October’s Mindfulness Exercise

Mindfulness involves observing and accepting the things around and within us in the present moment, without judgment.  In therapy, Johanna may involve mindfulness skills to build awareness of various issues and to develop coping strategies to reach optimal wellness.   The exercise below is not individualized to your needs as it may be in therapy, but is rather intended as a general exercise that you may find useful.

October’s Mindfulness Exercise:

This month we are going to continue to explore the basics of mindfulness, with a focus on emotions. To begin, take a nice even breath in and out. Notice the feeling of expansion as you inhale, and release as you exhale. Pay attention to how your physical body is feeling today, as well as the pace of your thoughts as you begin this exercise.

Try to notice sensations, thoughts, and feelings without judgment and without attempting to change them.

As you breathe, pay attention to what emotions draw your attention. Do you feel joy, fear, sadness, contentment, anger, guilt? Are you irritable or stressed out? Notice what emotions bubble to the surface, and notice what your response is. Do you try to push the emotion away, or do you engage in it? Notice if there is a physical space in the body where the emotion resides. What emotions are more comfortable for you to experience?

Continue to breathe and notice what you experience. After engaging in this active accepting awareness for a few more minutes, gently wiggle your fingers and toes, bringing movement back into the body.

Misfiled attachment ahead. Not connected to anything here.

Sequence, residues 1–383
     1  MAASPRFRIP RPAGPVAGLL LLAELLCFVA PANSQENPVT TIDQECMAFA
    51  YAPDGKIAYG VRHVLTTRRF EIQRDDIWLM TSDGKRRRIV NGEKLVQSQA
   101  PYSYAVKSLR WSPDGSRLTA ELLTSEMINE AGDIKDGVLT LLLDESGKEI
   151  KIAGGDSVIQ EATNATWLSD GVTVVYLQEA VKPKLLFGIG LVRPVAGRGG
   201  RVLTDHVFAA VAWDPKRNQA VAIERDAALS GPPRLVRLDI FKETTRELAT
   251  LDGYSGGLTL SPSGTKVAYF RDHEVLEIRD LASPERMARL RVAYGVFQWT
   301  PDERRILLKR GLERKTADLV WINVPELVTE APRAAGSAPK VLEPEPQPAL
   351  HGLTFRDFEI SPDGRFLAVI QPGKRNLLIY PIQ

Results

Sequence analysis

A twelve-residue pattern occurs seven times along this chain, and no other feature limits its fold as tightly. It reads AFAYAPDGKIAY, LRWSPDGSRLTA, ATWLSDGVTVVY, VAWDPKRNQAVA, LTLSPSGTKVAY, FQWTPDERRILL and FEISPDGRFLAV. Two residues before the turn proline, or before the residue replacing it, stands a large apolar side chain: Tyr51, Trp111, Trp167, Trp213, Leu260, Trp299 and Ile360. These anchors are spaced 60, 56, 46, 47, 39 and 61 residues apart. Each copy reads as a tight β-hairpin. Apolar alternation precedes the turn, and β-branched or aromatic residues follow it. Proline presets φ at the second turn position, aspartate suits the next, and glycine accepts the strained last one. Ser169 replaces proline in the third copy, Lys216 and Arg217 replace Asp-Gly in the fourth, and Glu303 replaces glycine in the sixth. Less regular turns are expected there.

We develop patterns in how we respond to various things, including our own emotions. It can be helpful to increase our awareness of our emotional responses and what we do with those responses.

 

NOTE: This is not intended to replace therapy.  Please contact Johanna at (585)406-3012 if you are interested in engaging in counseling for optimal wellness.

Advertisements

September’s Mindfulness Exercise

Mindfulness involves observing and accepting the things around and within us in the present moment, without judgment.  In therapy, Johanna may involve mindfulness skills to build awareness of various issues and to develop coping strategies to reach optimal wellness.   The exercise below is not individualized to your needs as it may be in therapy, but is rather intended as a general exercise that you may find useful.

September’s Mindfulness Exercise:

Let’s go back to the basics this month and focus on mindful awareness of our thoughts. Take a couple nice even breaths in and out. Engage in a gentle rolling of your shoulders, stretching of your fingers or gentle twist in the spine to bring awareness to your physical self. Check in with what level of stress you are holding today.